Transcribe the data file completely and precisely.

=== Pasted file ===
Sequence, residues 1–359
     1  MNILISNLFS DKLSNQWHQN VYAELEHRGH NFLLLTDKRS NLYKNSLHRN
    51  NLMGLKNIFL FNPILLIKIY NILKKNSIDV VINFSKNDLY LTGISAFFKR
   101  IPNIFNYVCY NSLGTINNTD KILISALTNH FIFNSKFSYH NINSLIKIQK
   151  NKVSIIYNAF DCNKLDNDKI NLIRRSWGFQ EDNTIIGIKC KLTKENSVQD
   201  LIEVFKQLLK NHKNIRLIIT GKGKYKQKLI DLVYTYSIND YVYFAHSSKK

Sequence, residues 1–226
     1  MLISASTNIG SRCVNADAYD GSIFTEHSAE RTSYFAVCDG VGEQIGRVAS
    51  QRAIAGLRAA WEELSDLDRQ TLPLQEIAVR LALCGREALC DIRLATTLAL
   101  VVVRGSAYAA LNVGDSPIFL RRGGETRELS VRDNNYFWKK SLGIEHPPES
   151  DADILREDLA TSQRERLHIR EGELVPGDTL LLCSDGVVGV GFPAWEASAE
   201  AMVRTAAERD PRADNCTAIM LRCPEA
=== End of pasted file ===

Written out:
Sequence, residues 1–359
     1  MNILISNLFS DKLSNQWHQN VYAELEHRGH NFLLLTDKRS NLYKNSLHRN
    51  NLMGLKNIFL FNPILLIKIY NILKKNSIDV VINFSKNDLY LTGISAFFKR
   101  IPNIFNYVCY NSLGTINNTD KILISALTNH FIFNSKFSYH NINSLIKIQK
   151  NKVSIIYNAF DCNKLDNDKI NLIRRSWGFQ EDNTIIGIKC KLTKENSVQD
   201  LIEVFKQLLK NHKNIRLIIT GKGKYKQKLI DLVYTYSIND YVYFAHSSKK

Sequence, residues 1–226
     1  MLISASTNIG SRCVNADAYD GSIFTEHSAE RTSYFAVCDG VGEQIGRVAS
    51  QRAIAGLRAA WEELSDLDRQ TLPLQEIAVR LALCGREALC DIRLATTLAL
   101  VVVRGSAYAA LNVGDSPIFL RRGGETRELS VRDNNYFWKK SLGIEHPPES
   151  DADILREDLA TSQRERLHIR EGELVPGDTL LLCSDGVVGV GFPAWEASAE
   201  AMVRTAAERD PRADNCTAIM LRCPEA